Coursewide Review for Final Exam

CS 480 Lecture, Dr. Lawlor

Over the past months, we've looked at several very different ways to simulate a range of real-world phenomena.  Our simulations have been very simple, but I claim they capture the sorts of simulations really used by pure scientists, applied engineers, and game and movie developers.

Specifically, simulating physical phenomena boils down to three (interrelated) steps:
  1. Pick a data structure to represent your problem's data.  Often, this is a set of discrete objects like particles or triangles, or a continuum field like a 2D or 3D texture.
  2. Pick a mathematical model to represent your problem's behavior.  This is usually a partial differential equation, at least in all the literature generated since the time of Newton and Leibnitz.
  3. Figure out how to apply your mathematical model to your data structure.  This usually means discretizing your partial differential equation in space (taking steps equal to your data structure's size) and time (taking small time steps, like a few milliseconds).  You can usually evaluate spatial derivatives by looking at your neighbors, and thus figure out how your value changes with time (see below).
There's often also a step 4, one of "figure out how to keep it stable", "figure out how to make it run fast", or "figure out why it's not simulating what you want it to simulate".

Data Structures

Mathematical Models

    F = mA
    dV/dt = A
    dP/dt = V
    F: net force (vector, usually computed from something interesting!)
    A, V, P: acceleration, velocity, and position (vectors)
    m: mass (scalar)

Applying Models to Data Structures

Generally, the way you compute discrete values from a partial differential equation model is to substitute in the Taylor series.  Here's the Taylor Series for a function P that changes with time (again, see the MathWorld article, or Wikipedia):
    P (t+h) = P(t) + h*P'(t) + h2*P''(t)/2! + h3*P'''(t)/3! + ...

That is, the value of P at some future time t+h really depends not just on the current position P and the current velocity P' (dP/dt), but also on the current acceleration P'' (d2P/dt2), and all the higher derivatives.

To "zeroth order", we can ignore all the h-dependent terms:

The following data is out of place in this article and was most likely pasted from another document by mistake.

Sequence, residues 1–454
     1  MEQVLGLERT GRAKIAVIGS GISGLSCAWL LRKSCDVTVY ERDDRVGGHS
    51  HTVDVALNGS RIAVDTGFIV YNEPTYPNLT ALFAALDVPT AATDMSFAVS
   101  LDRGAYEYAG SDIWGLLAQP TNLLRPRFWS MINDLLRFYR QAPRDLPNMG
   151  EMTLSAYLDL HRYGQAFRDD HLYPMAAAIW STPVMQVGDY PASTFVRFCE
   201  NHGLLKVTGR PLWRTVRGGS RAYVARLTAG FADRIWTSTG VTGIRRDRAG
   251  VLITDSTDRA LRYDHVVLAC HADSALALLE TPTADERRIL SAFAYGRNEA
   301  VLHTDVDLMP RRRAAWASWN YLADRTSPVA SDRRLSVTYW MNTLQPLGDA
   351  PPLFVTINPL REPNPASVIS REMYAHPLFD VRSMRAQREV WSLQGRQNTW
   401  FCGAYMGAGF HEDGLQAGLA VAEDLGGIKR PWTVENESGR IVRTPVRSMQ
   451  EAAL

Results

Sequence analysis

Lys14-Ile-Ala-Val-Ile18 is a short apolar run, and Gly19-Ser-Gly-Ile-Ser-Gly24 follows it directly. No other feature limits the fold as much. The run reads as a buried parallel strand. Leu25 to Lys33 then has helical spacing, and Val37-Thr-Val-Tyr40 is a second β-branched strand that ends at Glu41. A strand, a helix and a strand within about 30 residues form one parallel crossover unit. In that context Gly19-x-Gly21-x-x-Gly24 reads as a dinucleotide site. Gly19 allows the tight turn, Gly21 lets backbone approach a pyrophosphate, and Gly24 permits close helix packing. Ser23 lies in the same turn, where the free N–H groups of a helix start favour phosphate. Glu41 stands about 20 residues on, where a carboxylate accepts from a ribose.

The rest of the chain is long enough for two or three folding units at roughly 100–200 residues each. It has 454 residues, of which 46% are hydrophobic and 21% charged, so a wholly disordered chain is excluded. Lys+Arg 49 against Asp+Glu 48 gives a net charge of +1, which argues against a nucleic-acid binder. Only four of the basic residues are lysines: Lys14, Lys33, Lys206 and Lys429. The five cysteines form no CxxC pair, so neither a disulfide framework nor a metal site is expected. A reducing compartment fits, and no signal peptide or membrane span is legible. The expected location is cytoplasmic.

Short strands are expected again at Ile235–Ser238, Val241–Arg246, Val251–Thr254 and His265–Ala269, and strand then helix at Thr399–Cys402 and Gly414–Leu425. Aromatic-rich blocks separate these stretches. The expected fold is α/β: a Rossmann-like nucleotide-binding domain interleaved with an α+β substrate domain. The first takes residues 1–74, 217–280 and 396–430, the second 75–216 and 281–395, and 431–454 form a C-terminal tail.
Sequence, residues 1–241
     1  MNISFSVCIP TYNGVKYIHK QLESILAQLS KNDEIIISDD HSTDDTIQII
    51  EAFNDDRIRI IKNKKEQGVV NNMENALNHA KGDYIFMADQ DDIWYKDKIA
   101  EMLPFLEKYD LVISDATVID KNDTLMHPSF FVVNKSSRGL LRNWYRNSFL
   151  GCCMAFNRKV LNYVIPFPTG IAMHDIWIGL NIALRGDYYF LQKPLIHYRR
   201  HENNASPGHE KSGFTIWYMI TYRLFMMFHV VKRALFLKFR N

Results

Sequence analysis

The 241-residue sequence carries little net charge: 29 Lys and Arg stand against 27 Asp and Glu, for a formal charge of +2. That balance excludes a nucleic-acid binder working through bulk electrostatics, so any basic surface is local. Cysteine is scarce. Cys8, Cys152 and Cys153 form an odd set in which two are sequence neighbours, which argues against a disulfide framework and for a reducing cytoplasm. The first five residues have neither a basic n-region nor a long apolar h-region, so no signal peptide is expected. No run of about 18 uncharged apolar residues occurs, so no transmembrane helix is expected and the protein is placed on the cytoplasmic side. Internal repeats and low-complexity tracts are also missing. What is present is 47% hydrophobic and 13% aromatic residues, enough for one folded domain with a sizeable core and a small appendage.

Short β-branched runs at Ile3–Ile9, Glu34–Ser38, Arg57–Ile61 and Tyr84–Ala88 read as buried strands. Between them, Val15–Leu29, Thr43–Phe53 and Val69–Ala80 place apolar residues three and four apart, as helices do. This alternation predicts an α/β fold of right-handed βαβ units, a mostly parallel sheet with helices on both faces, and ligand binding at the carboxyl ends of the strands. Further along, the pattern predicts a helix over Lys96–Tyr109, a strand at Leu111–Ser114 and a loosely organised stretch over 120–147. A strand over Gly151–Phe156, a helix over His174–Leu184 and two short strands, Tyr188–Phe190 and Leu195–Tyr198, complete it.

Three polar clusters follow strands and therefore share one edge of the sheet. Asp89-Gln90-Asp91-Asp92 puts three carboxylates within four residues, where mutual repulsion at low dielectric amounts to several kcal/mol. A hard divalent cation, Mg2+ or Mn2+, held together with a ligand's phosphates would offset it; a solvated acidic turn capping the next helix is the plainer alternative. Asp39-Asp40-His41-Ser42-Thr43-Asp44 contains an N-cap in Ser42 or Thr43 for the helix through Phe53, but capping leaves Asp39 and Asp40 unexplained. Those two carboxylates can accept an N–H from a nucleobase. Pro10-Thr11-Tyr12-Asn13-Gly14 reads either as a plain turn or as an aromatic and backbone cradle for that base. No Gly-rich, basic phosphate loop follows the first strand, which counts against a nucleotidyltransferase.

P(t+h) = P(t)
That is, we can assume objects don't move during our timestep.  (Say, stationary objects!)

To "first order", we can ignore all the powers of h higher than one:
    P(t+h) = P(t) + h*P'(t) = P + h*V
That is, we're assuming the object moves in a straight line during our timestep.  (Say, no gravity, no friction.)  This mathematics is *exactly* the formula we use to compute the new P:
    P = P + dt*V

For derivatives in space, like dP/dx, you can expand the Taylor series in position:
    P(x+h) = P(x) + h * dP/dx (x) + h2*d2P/dx2(x)/2! + ...

Again, to zero'th order,
    P(x+h) = P(x)
which means dP/dx isn't involved (hmm... not very useful for computing dP/dx!).

To first order,
    P(x+h) = P(x) + h * dP/dx (x)
Unlike the derivatives in time, where we knew the derivative, but not the left hand side, now we know the left hand side (we know P everywhere), but we want to find the derivative.  So we rearrange to the well-known one-sided "finite difference equation":
    (P(x+h) - P(x)) / h = dP/dx (x)

So, the value of our x derivative dP/dx is proportional to the difference between our right neighbor's value P(x+h), and our value P(x). 

We can substitute in a negative value for h to get:
    (P(x) - P(x-h)) / h = dP/dx (x)
This is the difference between us and our left neighbor.  If you average both of these estimates, you get:
    (P(x+h) - P(x-h)) / 2h = dP/dx
This is the same "right minus left" we've written perhaps fifteen times in class!

Similarly, the value of our y derivative is this same finite difference, but measured against our top and bottom neighbors.  Again, we can actually compute any derivative in space or time using the Taylor series, and even (with a bit of practice) figure out what partial differential equation we're actually solving given a chunk of code!